In a recent decision of this Court reported in 56(1983) C. L. T. 288 : Md. Sabir Hussain v. State of Orissa, it was held that in a case where entrustment is proved or admitted, it would be for an accused person to account for the money entrusted with him and the prosecution may not be in a position to show as to how exactly the money has been misappropriated or converted by an accused person to his own use, but the evidence and the circumstances must lead one to a reasonable conclusion that an accused person in order to cause wrongful gain to himself or wrongful loss to another, has committed misappropriation. Since the appellant being a public servant received the amounts but did not account for the same though he was bound to do so, it cannot but be said that he was guilty of misapropriation.
11. Even though it has been found on the evidence adduced the prosecution that the appellant received various amounts due to Government from the prosecution witness, did not account for the same and misappropriated the amounts, it is yet necessary to consider important aspect canvassed by Mr. P. K. Misra to the effect that in absence of a valid sanction under Section 6 of the Act, the entire proceed is null and void, as a consequence of which, the appellant is entitled an acquittal. Indisputedly Section 6 of the Act is of mandatory character [See 52 (1981) CLT 157, Republic of India v. Khagendranath Jha Trial of an offence under Section 5(2) of the Act is no trial at all due to want of valid sanction under Sectio. 6 of the Act [See 58(1984) CLT 1; Rajib Lochan Pradhan v. State]. In 1971 S.C. D. 1126; Major Somnath Union of India and Anr., the Supreme Court held as follows :
'...For a sanction to be valid it must be established that the sanction was given in respect of the facts constituting the offence with which the accused is proposed to .be charged. Though it is desirable that the facts should be referred to in the sanction itself, none-the-less if they do not appear on the face of it the prosecution must establish aliunde by evidece that those facts were placed before the sanctioning authorities...'
In A.I.R. 1979 S.C. 677 ; Mohd. Iqbal Ahmed v. State of And Pradesh, the law with regard to sanction under Section 6 of the Act been succinctly and lucidly laid down. It was held as follows :
'...It is incumbent on the prosecution to prove that a valid sanction has been granted by the Sanctioning Authority after it was satisfied that a case for sanction has been made out constituting the offence. This should be done in two ways ; either (1) by producing the original sanction which itself contains the facts constituting the offence and the grounds of satisfaction and (2) by adducing evidence aliunde to show that the facts placed before the Sanctioning Authority and the satisfaction arrived at by it. It is well settled that any case instituted without a proper sanction must fail because this being a manifest defect in the prosecution, the entire proceedings are rendered void ab initie.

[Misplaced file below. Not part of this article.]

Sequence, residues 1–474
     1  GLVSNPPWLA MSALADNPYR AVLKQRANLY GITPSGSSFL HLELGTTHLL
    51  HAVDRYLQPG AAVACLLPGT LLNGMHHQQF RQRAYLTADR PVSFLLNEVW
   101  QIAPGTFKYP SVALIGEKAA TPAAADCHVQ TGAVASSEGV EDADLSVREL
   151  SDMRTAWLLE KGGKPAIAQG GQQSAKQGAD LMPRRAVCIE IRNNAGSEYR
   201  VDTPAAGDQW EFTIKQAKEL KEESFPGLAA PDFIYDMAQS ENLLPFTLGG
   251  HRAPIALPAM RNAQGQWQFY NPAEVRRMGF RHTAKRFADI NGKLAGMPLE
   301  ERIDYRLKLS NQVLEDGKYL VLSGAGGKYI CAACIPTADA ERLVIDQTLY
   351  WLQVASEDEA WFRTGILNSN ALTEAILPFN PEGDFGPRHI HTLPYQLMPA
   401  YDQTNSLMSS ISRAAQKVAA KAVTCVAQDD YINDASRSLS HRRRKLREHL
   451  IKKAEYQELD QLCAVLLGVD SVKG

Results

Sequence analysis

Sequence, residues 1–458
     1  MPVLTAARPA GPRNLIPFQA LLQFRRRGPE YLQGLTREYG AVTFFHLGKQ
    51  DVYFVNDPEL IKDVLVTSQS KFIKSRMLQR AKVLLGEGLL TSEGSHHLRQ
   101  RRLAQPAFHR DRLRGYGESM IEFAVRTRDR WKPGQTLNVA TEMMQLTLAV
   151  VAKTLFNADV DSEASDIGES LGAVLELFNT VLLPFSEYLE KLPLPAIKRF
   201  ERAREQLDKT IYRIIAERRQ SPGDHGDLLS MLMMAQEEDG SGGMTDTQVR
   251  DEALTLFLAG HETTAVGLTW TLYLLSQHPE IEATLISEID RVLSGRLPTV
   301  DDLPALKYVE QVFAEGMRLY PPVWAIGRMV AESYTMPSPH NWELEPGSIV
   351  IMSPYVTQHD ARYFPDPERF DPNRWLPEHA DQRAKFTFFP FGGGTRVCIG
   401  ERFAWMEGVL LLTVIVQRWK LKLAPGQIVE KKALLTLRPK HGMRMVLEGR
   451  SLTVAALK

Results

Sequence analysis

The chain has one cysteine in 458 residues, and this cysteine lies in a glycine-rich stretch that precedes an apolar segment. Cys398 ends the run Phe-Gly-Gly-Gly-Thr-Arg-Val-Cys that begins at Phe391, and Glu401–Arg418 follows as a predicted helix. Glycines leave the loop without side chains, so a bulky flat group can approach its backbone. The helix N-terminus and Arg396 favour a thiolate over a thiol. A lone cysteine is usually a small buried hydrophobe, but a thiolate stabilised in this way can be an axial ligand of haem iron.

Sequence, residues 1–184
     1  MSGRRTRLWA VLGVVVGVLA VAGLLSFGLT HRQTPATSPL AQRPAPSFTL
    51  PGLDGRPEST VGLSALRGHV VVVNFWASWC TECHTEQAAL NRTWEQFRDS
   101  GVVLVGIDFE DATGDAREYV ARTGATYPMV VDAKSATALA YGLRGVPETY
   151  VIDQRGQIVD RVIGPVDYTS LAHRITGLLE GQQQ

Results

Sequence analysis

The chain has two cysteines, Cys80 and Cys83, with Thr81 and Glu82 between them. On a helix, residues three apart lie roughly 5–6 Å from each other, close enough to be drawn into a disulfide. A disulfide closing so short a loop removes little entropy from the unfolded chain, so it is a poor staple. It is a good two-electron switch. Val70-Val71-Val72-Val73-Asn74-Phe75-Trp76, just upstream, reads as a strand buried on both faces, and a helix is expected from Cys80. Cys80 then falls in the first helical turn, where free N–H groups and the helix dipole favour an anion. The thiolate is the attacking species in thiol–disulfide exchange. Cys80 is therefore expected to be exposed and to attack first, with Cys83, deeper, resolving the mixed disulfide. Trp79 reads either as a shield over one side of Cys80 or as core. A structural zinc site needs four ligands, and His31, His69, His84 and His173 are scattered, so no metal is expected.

X X X X'...because what the Court has to see is whether or not the Sanctioning Authority at the time of giving sanction was aware of the facts constituting the offence and applied its mind for the same and any subsequent fact which may come into existence after the resolution granting sanction has been passed, is wholly irrelevant. The grant of sanction is not an idle formality or an acrimonious exercise but a solimn and sacrosanct act which affords protection to Government servants against frivolous prosecutions and must therefore be strictly complied with before any prosecution can be launched against the public servant concerned.'
Also see 56(1983) C.L.T. 288 ; Md. Sabir Hussain v. State of Orissa.
12. The relevant portion of the sanction order (Ext. 19) is quoted below not only for easy reference but also to see if the Sanctioning Authority, namely, the District Magistrate, Sambalpur had applied his mind to the facts and evidence of the case before according sanction for the prosecution under Section 6 of the Act.
'Whereas it is alleged that Sri Baikunthanath Mohanty while functioning as Revenue Inspector, Tora Revenue Circle under Bargarh Tahsil Office during the period from 12. 7. 1970 to 26. 10. 1975 collected arrear land revenue, water tax and Sairat dues amounting to Rs. 2050/- in village Tora from Sri Ramesh Chandra Sahu, Krishna Chandra Sahu, Madan Mohan Sahu, and Gouri Shankar Sahu in July/August 75 but did not issue receipts to them for the amounts collected. The said Baikunthanath Mohanty did not deposite the amount on Govt. account nor made entry in the concerned records regarding these collections and misappropriated the same.
X X X XAnd where as I Sri Surandra Nath Khuntia, I. A. S. (Name and Designation of the sanctioning authority to be noted) being the authority competent to remove the said Sri Baikunthanath Mohanty from service, consider after carefully examining the material and evidence before me with regard to this report that the said Sri Baikunthanath Mohanty should be prosecuted in the Court of law for the above mentioned offence.'